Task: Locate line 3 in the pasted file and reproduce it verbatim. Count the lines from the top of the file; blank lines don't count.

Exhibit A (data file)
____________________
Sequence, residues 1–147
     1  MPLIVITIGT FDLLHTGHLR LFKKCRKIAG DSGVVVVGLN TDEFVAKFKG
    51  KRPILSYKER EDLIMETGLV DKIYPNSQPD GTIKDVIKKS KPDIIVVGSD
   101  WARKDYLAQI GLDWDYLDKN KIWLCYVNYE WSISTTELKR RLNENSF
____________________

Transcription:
    51  KRPILSYKER EDLIMETGLV DKIYPNSQPD GTIKDVIKKS KPDIIVVGSD